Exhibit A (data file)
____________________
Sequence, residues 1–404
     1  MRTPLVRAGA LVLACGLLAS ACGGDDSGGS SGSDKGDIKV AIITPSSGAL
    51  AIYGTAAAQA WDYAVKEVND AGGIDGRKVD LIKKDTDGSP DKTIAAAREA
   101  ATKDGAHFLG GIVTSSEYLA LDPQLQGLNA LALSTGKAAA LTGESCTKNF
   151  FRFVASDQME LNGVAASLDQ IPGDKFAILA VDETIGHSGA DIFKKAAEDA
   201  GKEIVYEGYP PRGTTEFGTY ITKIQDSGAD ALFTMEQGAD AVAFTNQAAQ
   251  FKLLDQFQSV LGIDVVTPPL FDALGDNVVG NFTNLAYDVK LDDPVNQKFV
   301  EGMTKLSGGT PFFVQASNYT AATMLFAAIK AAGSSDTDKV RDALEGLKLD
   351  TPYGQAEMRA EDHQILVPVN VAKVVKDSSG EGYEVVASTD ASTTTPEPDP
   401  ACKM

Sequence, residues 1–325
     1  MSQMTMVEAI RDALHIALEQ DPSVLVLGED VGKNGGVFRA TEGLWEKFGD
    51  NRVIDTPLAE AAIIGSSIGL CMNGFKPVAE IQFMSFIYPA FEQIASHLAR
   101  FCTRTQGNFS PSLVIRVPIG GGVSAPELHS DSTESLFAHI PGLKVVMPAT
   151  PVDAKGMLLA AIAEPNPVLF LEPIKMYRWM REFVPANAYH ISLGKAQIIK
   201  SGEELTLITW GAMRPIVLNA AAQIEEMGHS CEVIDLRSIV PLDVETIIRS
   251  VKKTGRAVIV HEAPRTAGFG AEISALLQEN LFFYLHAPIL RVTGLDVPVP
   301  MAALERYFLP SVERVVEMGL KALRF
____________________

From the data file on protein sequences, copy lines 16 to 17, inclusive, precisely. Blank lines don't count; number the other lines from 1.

   201  SGEELTLITW GAMRPIVLNA AAQIEEMGHS CEVIDLRSIV PLDVETIIRS
   251  VKKTGRAVIV HEAPRTAGFG AEISALLQEN LFFYLHAPIL RVTGLDVPVP